There exists a general duty to mitigate damages. See Cartin v. Continental Homes of N.H., 134 Vt. 362, 367, 360 A.2d 96, 100 (1976). In the context of an employment dispute, an employee must make a good faith effort to find suitable alternative employment. The record supports the court's conclusion that Schnabel's rejection of the Ford service writer position did not constitute a failure to mitigate damages. Schnabel was a master technician for Toyota vehicles, he had no training or experience with Ford products, and, the Ford service writer position would pay substantially less than the group leader position. Furthermore, both Schnabel and his vocational rehabilitation specialist described Schnabel's significant efforts to gain employment commensurate with his experience and expertise during the time from January 1994 until March 1995, when Schnabel took a service writer position at Nordic Toyota. There was no error.
B. Emotional and Punitive Damages.
After Schnabel completed presentation of his evidence, Nordic Toyota moved for judgment as a matter of law.2 See V.R.C.P. 41(b)(2) (after plaintiff has completed presentation of evidence, defendant may move for dismissal on grounds that upon facts and law plaintiff has not shown right to relief). Schnabel claims the court erred in granting the motion on the issues of intentional infliction of emotional distress and punitive damages.
When reviewing a court's grant of a Rule 41(b)(2) motion, we must consider “whether the court's fact findings are clearly erroneous, viewing the evidence in the light most favorable to the prevailing party.” New England Educ. Training Serv. v. Silver St. Partnership, 156 Vt. 604, 611, 595 A.2d 1341, 1344-45 (1991) (citing Stevens v. Cohen, 138 Vt. 7, 8-9, 409 A.2d 604, 605 (1979)).
Schnabel's assertion that the court erred in granting Nordic Toyota's motion for entry of judgment on the issue of intentional infliction of emotional distress appears in both of his briefs “unaccompanied by facts, law, or reasoning, and therefore need not detain us.” KPC Corp. v. Book Press, Inc., 161 Vt. 145, 152, 636 A.2d 325, 329 (1993). The Court will not search the record for errors inadequately briefed. See Bishop v. Town of Barre, 140 Vt. 564, 579, 442 A.2d 50, 57 (1982) (citations omitted).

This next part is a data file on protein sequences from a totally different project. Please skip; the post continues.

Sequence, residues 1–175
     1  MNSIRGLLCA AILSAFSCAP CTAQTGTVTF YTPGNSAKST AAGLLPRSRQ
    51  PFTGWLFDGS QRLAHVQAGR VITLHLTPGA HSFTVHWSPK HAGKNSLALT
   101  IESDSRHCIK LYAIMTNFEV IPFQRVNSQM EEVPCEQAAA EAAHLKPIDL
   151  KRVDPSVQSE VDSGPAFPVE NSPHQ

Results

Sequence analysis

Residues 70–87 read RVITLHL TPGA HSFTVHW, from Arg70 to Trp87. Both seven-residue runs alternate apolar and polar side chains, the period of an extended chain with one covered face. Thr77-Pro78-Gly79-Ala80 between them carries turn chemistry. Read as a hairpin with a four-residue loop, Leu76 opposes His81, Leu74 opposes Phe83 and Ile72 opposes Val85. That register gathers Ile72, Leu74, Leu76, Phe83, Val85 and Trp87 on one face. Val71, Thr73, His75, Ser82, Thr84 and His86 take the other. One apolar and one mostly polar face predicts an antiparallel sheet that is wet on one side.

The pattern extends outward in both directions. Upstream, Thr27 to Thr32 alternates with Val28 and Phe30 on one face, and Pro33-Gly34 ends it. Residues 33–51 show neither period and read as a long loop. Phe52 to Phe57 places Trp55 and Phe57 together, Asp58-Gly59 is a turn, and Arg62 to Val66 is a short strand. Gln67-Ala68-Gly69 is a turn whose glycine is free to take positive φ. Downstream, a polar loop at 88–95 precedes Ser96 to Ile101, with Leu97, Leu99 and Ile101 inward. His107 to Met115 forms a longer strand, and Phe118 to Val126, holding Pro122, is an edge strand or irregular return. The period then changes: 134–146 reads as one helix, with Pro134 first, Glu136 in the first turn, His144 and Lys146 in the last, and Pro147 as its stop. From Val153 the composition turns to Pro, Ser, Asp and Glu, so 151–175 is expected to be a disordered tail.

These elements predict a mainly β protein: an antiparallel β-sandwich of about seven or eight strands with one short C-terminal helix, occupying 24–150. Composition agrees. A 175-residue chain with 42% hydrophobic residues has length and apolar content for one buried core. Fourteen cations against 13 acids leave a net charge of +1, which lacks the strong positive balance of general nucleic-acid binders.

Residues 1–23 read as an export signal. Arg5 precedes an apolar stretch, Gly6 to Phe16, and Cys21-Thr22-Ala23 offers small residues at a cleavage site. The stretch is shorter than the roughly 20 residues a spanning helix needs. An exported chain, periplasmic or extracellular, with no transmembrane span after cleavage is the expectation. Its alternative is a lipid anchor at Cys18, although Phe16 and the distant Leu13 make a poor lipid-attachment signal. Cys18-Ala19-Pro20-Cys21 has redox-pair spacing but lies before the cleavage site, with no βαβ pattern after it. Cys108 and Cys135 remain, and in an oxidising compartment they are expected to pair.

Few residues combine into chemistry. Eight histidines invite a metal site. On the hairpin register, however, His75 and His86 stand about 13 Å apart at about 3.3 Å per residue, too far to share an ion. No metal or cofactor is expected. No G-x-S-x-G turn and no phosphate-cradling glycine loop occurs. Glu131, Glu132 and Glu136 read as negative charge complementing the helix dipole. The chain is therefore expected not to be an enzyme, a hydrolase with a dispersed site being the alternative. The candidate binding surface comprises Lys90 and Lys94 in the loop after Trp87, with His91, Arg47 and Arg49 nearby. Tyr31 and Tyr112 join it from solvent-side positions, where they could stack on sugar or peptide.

As to Schnabel's claim regarding punitive damages, we begin by noting that the purpose of punitive damages is to punish morally culpable conduct and to deter similar conduct in the future. See Hilder v. St. Peter, 144 Vt. 150, 164, 478 A.2d 202, 210-11 (1984). Punitive damages may be awarded upon a showing of actual malice. See Shortle v. Central Vermont Pub. Serv. Corp., 137 Vt. 32, 33, 399 A.2d 517, 518 (1979). “This may be shown by conduct manifesting personal ill will or carried out under circumstances evidencing insult or oppression, or even by conduct showing a reckless or wanton disregard of one's rights.” Id. The court's factual findings contain no reference to conduct on the part of Nordic Toyota that rises to the level of actual malice or reckless disregard of the plaintiff's rights. Viewed in the light most favorable to Nordic Toyota, the evidence presented at trial does not support Schnabel's argument that the court's dismissal of his punitive damages claim was clearly erroneous.